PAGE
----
Well said!

      • Scott Curry

        “This “unbalance” of devices was always present…”

        And yet, iOS has always kept up. I don’t understand how your point contradicts mine…

      • Benedict

        I mean, the different amount of devices from Android to iOS – this unbalance was always there and didn’t change. So something else must have changed. It has to do with the devices (specs, look, price,…)

      • Rowan09

        No they’re more Android devices being ship and all Flaship phones for the most part cost just as much as an iPhone. My S7 Edge cost $779

      • Benedict

        That’s exactly how it always was: More android devices are shipped since 2010. So again – something else changed: specs, look, price!

    • Scott Curry

      Seems like so many of the commenters are confusing contract prices v. actual phone costs. Any Android phone worth purchasing costs just as much as an iPhone and vice versa. Price is not any reason to choose one phone over the other(s).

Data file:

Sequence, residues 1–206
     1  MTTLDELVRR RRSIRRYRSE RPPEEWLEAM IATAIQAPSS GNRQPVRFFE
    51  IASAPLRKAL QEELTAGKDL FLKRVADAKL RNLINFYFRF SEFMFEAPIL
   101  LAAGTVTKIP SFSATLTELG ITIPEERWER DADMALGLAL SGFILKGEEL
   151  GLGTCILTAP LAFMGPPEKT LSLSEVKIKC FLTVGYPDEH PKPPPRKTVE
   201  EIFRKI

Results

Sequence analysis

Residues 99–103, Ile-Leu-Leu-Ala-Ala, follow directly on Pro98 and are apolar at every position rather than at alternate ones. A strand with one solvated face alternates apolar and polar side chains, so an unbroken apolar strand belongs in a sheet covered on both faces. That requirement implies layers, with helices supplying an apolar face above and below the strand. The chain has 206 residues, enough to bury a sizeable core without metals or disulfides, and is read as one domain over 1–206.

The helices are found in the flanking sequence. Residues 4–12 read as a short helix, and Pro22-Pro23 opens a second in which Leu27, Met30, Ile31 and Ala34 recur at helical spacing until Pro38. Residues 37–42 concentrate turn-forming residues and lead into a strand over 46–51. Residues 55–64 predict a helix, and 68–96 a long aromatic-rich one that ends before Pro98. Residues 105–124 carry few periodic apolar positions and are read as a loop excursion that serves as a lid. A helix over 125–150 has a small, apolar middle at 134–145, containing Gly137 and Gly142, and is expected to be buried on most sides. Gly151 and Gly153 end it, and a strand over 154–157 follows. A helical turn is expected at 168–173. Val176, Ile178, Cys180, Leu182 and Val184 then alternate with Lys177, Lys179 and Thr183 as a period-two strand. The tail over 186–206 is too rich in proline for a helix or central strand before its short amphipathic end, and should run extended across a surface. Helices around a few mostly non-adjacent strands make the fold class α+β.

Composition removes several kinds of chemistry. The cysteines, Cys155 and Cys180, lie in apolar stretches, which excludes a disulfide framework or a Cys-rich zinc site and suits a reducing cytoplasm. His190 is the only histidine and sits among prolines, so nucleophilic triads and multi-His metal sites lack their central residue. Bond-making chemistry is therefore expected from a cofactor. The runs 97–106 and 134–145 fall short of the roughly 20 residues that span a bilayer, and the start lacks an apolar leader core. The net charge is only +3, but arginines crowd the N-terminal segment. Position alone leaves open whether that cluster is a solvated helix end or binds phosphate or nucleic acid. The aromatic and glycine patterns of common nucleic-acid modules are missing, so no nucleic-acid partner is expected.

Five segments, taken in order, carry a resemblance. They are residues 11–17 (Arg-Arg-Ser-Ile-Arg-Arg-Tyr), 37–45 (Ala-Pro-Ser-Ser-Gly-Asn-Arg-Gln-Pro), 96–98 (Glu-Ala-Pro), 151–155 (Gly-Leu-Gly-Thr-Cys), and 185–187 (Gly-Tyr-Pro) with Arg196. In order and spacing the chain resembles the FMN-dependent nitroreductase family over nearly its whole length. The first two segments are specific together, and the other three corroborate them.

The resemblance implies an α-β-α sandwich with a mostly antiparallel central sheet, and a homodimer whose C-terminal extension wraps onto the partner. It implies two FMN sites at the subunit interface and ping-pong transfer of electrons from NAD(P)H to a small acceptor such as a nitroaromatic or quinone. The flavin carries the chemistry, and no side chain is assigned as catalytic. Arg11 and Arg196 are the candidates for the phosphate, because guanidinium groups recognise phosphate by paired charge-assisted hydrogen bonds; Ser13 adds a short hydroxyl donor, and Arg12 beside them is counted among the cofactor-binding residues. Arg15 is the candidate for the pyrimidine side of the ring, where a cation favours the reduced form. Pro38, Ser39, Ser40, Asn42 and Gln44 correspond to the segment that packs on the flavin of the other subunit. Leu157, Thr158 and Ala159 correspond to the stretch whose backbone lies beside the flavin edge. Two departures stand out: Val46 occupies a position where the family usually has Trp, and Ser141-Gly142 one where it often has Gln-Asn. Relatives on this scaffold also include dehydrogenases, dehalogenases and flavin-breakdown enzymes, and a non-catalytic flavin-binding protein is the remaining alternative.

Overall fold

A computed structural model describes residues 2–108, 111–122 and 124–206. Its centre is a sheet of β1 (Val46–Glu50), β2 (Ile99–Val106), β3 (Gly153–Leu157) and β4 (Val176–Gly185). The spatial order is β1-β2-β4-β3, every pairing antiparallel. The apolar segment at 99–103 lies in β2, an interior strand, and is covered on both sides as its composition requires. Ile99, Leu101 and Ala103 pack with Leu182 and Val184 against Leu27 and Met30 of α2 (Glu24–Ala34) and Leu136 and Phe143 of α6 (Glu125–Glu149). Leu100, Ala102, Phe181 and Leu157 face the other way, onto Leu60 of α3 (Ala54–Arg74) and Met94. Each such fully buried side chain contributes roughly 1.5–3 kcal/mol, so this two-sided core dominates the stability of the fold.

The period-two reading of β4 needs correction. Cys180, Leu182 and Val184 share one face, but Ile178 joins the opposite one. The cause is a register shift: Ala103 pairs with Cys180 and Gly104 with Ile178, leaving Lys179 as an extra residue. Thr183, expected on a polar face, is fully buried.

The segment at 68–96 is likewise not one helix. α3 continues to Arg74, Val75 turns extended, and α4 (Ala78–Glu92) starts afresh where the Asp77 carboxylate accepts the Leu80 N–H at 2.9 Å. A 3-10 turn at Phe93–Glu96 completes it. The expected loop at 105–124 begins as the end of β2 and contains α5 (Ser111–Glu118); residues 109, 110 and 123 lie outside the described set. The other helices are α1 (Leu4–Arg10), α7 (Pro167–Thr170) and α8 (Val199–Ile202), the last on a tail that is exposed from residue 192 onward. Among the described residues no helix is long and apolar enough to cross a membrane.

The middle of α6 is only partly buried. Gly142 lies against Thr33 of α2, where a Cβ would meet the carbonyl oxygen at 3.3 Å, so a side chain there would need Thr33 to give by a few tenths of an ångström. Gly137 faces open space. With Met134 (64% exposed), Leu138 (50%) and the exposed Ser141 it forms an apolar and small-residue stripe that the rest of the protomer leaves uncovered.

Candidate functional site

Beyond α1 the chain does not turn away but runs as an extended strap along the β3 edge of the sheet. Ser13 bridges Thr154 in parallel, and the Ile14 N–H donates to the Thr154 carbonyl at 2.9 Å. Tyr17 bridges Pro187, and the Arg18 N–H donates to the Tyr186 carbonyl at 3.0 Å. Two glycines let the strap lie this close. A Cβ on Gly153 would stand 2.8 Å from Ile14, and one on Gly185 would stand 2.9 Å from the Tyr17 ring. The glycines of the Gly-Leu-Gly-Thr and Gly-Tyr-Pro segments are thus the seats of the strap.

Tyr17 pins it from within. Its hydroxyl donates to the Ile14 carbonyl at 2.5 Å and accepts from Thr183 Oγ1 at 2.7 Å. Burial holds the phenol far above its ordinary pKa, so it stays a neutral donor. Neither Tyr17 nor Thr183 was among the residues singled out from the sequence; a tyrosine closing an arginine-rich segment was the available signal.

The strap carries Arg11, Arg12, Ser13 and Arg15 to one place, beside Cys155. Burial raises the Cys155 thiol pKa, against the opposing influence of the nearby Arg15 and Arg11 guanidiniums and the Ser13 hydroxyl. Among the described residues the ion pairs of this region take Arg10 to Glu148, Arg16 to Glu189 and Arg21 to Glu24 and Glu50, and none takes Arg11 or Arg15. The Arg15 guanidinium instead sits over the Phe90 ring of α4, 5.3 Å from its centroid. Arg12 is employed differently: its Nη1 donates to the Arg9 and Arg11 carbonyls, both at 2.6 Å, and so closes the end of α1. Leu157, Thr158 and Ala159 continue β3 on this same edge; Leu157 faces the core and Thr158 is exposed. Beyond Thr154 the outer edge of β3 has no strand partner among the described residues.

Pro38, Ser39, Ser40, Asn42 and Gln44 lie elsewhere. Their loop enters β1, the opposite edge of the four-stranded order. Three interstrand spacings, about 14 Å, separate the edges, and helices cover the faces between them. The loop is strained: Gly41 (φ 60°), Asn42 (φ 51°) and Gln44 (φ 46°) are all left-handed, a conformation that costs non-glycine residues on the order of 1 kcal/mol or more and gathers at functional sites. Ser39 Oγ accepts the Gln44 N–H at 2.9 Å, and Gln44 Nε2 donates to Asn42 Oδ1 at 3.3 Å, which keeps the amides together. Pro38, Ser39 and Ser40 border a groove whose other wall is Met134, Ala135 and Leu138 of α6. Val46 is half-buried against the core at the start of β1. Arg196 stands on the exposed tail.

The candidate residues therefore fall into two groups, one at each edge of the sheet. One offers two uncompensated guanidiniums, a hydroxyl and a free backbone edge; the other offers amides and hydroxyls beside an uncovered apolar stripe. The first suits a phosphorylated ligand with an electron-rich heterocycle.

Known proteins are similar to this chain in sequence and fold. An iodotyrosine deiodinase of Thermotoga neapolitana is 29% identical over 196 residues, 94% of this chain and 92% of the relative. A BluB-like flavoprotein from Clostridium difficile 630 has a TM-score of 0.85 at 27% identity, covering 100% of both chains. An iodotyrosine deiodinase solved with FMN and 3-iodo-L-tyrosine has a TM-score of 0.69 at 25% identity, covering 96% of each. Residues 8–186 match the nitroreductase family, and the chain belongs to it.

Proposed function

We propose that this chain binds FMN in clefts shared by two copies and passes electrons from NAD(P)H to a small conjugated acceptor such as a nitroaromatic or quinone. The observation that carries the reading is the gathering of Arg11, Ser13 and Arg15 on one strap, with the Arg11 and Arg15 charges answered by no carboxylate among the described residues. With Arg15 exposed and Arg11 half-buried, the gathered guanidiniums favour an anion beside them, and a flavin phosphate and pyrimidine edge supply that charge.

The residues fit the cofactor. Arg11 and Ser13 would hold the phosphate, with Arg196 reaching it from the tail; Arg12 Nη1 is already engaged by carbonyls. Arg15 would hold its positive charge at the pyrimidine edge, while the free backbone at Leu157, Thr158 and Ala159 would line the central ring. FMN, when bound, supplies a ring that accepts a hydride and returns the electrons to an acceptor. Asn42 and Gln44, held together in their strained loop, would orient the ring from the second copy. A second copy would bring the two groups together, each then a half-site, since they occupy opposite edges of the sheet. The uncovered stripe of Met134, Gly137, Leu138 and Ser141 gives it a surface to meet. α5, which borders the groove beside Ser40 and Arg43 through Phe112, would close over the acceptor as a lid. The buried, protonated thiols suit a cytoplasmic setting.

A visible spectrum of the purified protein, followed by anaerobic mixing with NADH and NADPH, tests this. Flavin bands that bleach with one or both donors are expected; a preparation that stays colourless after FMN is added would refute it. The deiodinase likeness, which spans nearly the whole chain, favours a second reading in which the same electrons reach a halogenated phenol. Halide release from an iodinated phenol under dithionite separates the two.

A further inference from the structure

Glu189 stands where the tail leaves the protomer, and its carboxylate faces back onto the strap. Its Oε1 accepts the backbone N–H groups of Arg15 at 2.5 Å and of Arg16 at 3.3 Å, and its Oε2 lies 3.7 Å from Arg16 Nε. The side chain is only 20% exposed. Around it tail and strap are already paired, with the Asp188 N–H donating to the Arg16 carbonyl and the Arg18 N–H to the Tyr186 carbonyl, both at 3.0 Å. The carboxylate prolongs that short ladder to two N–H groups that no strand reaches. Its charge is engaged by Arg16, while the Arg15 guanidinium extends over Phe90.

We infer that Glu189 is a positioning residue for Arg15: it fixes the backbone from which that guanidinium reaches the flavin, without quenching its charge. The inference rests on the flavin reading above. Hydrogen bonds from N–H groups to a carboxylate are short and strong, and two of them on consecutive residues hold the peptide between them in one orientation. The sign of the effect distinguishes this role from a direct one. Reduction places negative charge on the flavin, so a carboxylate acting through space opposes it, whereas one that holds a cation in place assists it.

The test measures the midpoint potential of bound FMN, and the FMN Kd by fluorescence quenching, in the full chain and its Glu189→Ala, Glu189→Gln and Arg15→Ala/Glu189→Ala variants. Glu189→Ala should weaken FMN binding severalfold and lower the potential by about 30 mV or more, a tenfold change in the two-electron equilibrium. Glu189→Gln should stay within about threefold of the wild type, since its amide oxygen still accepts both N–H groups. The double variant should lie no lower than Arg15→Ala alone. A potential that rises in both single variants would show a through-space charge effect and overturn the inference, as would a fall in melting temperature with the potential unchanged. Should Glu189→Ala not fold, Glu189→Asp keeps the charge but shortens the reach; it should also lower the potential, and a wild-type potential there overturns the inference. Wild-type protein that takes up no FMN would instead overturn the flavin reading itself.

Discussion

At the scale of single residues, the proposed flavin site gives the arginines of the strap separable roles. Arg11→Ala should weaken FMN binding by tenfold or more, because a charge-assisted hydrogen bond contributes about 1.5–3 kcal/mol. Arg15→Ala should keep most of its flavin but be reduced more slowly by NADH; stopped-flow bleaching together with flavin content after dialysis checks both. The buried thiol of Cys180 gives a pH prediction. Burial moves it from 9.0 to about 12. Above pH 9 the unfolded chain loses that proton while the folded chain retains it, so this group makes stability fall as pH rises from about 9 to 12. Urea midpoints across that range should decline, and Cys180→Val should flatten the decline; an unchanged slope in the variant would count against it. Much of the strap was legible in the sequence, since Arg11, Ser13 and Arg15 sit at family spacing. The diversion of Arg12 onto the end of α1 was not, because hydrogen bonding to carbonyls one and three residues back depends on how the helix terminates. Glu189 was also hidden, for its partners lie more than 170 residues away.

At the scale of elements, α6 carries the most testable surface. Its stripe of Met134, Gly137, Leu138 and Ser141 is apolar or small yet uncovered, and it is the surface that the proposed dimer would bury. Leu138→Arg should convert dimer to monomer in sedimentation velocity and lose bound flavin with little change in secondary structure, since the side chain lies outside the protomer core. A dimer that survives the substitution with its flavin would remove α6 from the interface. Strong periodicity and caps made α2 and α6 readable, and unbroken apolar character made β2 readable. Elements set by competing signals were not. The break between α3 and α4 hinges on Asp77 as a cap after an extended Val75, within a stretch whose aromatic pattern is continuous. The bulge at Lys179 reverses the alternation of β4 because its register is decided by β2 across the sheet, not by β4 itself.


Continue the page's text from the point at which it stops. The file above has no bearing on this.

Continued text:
• ilikeiphone

    It’s like in the -90, windows vs Mac. iPhone was the thing but now there actually exists premium alternatives.

  • Jon K

    Why does it matter how many people do or do not use what you use? Does it justify your purchase or your choice? The reason there are more Android devices is looking at the graphs where 52% is Asia- CHEAP devices. People there cannot afford a $600 iphone where that could be 3 months salary. But they can but a $50-100 Android smartphone. Asia is the most populous country in the world too. So the numbers aren’t surprising at all, yet Fandroids will gloat over them without any clue what they represent or how that matters to us users.

    • Joshua The-Legend Wiebe

      If it takes 3 months salary to pay for a new phone, then you better find a new job.

      • Scott Curry

        I agree, but I think he means 3 months of disposable income…

        …at least I hope he does…

      • Scott Curry

        Or take better care of your existing phone…